From David Humphreys
Mount Vernon Novr. 29. 1788
It was not untill a few days ago and more than fourteen months from its date, that I had the pleasure of receiving your favour of the 14th of Augst. 1787. I have at different times been honoured by several others, some of which had marks on the seal, indicative of their having undergone an inspection—to all, I generally gave answers immediately after their receipt. But a letter must commonly be rather insipid, where one is obliged to take into the calculation, that it is very probable it will be opened before it reaches its destination. Having now a sure conveyance by Mr. Gouverneur Morris, I should hold myself inexcusable not to make use of it.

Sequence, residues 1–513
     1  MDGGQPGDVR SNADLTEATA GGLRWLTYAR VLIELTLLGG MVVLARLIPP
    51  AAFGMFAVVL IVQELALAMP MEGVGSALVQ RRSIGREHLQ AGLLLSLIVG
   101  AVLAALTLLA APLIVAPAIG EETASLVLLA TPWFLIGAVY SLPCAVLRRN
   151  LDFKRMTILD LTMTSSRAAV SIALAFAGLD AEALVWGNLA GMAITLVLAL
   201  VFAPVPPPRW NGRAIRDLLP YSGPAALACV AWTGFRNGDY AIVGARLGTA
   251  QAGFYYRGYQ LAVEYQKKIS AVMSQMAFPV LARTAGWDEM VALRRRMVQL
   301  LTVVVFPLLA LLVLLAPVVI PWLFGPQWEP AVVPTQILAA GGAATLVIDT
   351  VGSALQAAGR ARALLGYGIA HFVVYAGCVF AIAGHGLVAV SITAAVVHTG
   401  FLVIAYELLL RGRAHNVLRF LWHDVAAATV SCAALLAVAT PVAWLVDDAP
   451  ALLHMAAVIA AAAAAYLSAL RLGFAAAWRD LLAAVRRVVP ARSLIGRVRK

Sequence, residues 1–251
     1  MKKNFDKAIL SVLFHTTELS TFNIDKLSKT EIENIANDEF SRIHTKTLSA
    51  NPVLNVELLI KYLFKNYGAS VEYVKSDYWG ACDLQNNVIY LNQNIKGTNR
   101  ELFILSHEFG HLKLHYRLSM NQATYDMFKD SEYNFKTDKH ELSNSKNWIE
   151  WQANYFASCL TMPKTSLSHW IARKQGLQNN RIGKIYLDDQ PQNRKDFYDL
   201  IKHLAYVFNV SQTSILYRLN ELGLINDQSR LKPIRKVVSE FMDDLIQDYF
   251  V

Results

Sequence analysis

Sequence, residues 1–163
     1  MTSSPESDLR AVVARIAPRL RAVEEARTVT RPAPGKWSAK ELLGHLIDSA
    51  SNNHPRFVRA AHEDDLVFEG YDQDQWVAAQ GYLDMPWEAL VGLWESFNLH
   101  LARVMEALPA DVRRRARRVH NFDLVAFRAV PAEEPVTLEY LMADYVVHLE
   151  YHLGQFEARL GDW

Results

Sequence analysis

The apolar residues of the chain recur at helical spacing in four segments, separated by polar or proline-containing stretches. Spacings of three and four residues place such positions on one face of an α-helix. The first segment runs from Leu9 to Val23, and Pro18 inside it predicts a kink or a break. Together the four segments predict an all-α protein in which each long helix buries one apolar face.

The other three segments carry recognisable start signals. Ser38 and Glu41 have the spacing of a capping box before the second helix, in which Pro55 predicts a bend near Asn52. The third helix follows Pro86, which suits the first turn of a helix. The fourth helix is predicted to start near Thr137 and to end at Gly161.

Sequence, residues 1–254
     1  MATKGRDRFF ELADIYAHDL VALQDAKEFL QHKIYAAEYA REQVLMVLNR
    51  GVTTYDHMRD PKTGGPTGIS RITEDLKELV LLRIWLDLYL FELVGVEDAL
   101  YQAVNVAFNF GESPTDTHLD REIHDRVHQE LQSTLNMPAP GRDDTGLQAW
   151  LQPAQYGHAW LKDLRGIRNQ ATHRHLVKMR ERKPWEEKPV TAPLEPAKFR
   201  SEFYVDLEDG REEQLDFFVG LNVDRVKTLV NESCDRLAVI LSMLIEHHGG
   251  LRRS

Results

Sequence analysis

There has been an extraordinary revolution in the sentiments of men, respecting political affairs, since I came to America; and much more favorable in the result than could then have been reasonably expected. At the close of the war, after the little season of unlimited credit was passed, the people in moderate circumstances found themselves very much embarrassed by the scarcity of money, by debts and taxes. They affected to think that the part of Society composed of men in the liberal professions and those who had considerable property were in combination to distress them, and to establish an Aristocracy. Demagogues made use of these impressions to procure their own elections and to carry their own schemes into execution. Lawyers, in some States, by these artifices, became indiscriminately odious. In others men of the strongest local prejudices and narrowest principles had the whole direction of the affairs of their States. You will feel the force of this assertion the more readily, when you shall have been informed that the same Genl. Wadsworth, who was in Congress with you at Annapolis became, in conjunction with two or three of his Subalterns the director of every political measure in Connecticut; and prevented, in almost every instance, a compliance with the Requisitions of Congress. On the other part, great numbers of those who wished to see an efficient fœderal government prevail, began to fear that the bulk of the people would never submit to it. In short some of them, who had been utterly averse to Royalty, began to imagine that hardly anything but a king could cure the evil. It was truly astonishing to have been witness to some conversations, which I have heard. Still all the more reasonable men saw that the remedy would be infinitely worse than the disease. In this fluctuating and irritable situation the public mind continued, for some time. The insurrection in Massachusetts was not without its benefits. From a view of the impotence of the general government, of the contempt in which we were held abroad and of the want of happiness at home, the Public was thus gradually wrought to a disposition for receiving a government possessed of sufficient energy to prevent the calamities of Anarchy and civil war; and yet guarded, as well as the nature of circumstances will admit, so as to prevent it from degenerating into Aristocracy, Oligarchy or Monarchy. True it is, that honest and wise men have differed in sentiment about the kind of checks and balances which are necessary for this purpose: but equally true it is that there is not an honest and wise man who does not see and feel the indispensable necessity of preserving the Union. You will have been informed, long since, that all the States, Rhode Island and North Carolina excepted, have acceded to the proposed form of government. In the former paper-money and dishonesty are the sole causes of their perseverance in opposition. The same reasons are also assigned for the conduct of North Carolina; how justly, or unjustly, I know not. It is believed, however, that the latter will come into the pale of the new Union at the eleventh hour.